After the tour, Chris also mention a book to us that he has stumbled on due to modeling that he has found to be very informative: Preconceptions in Mechanics.

Jon and Chris also mentioned joining the Modeling Association and the American Association of Physics Teachers, as they both have a tremendous amount of materials for physics teachers.

Before we got into the heavy stuff again, Jon also showed us a great website with lots of demos: U of Minn Demos.

From there we began to discuss the lab from the previous day (Hooke's Law Lab). A few of the key points that came up we that we felt that this was great opportunity to discuss the limitations of a model, namely the fact that the spring will not always be a linear relationship. Most groups, due to the strength of the spring also found that the beginning of the plot (near the origin) was also a non-linear relationship. Other important questions the were raised, such as, "Did the length of the spring effect the spring constant?"

If the groups followed traditional graphing protocol, they would have plotted $\Delta x$ vs F, which leads to a great series of questions. What does the slope of the graph represent? What does it mean to have a bigger slope on the graph? How can we manipulate the graph such that an increase in slope means a stronger spring?

You can also possibly delve into significant digits. What is the variation/uncertainty in the applied Force? What would that do to you calculation?

Jon also mentioned, that if you have the resources/equipment, set up the experiment with both the force probe and the motion detector, so even if the spring is bouncing, you can get F vs $\Delta x$ data.

From there, we began working on Unit VII worksheet 2.

A few things to note:

#5 This problem is a great reminder of the graphical derivations from kinematics.

Specifically the derivation of the area when you know the slope of the line

See derivation of $\large \Delta x = v_o t + \frac{1}{2} a \left(\Delta t \right)$

From there Jon tried to create a demonstration, however he was missing some necessary materials. Here's a list of what you need (not what he had):

- 1.5" PVC pipe (Jon uses an 8 ft pipe, but shorter is ok) (clear tube if you can afford it)
- 1/2" drill bit (to make a hole drilled about 2" from one end of the PVC pipe)
- 3/8" hose barb (something like this, may need different size depending on vacuum tubing)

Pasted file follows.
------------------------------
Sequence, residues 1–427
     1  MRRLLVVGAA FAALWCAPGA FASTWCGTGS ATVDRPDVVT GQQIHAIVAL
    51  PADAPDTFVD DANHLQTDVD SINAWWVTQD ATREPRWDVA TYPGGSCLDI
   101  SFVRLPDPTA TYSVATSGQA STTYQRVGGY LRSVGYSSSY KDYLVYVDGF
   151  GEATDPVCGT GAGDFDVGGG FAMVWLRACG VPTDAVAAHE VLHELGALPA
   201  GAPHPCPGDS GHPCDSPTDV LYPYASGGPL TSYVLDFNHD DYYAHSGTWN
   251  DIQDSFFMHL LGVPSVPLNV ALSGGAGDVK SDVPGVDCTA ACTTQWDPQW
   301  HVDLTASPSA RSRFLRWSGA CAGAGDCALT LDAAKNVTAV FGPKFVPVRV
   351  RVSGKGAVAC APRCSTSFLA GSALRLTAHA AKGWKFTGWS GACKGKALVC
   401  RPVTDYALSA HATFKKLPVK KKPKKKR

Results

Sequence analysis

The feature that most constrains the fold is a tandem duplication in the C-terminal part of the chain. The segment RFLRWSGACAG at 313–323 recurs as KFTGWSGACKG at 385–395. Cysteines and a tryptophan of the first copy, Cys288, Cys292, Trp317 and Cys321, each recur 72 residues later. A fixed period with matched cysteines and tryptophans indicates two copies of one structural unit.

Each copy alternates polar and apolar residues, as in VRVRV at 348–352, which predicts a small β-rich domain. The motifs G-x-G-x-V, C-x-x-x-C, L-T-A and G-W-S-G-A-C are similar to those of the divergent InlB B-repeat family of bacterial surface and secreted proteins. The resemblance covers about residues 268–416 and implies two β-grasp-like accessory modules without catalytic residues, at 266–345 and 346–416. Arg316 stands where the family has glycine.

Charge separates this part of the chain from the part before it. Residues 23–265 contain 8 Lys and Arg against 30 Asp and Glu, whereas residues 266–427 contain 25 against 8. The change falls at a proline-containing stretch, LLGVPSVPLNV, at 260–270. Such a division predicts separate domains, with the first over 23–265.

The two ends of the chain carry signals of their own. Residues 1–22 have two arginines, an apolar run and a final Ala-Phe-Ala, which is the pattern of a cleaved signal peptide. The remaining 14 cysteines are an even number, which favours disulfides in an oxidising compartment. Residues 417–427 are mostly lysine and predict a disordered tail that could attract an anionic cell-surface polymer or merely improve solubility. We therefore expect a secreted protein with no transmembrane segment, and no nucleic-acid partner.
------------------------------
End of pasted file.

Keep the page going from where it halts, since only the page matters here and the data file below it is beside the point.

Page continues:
- Teflon tape (wrapped around barb before it is screwed into 1/2" opening in pipe)
- 40 mm Competition Ping Pong Ball (as we saw, the basic/cheap ones won't work)
- 3" packing tape
- Jon also mentioned you may need a coupler on each end for added surface area
- Soda can (with a book on top for added inertia)

{Update 7/13: Here's some pictures and videos taken during today's successful launches)

While he was tinkering to get that to work, one of the cohort near me was talking about a cool demo she does with her class. She gives the kids garbage bags (unused) and asks who can inflate them with the fewest number of breaths. Once the kids are about ready to pass out, she shows them how you can do it with one breath (Here's a great set of resources, if you scroll down until you see pg 13 in bottom right corner, you'll see the explanation.)

Once Jon conceded that he wasn't going to get his demo to work today, we moved on to another lab. The set up was a modified version of Option 1 of the Energy Transfer Lab in the Teacher Notes (see bottom of page 8 of the notes) in which the track was on an incline. By adding this twist, you can show the transfer of energy from elastic to kinetic to gravitational energy.

We again worked through,

**What do you notice? What can you measure?**

Chris then briefly showed us this:

Before continuing with then circling/striking out what we can/cannot manipulate.

From there, we stated the purpose:

To determine the graphical and mathematical relationships that exist between the initial starting position, the launch speed, and the maximum height.

We ended the day experimentally determining the spring constant for the metal loop.

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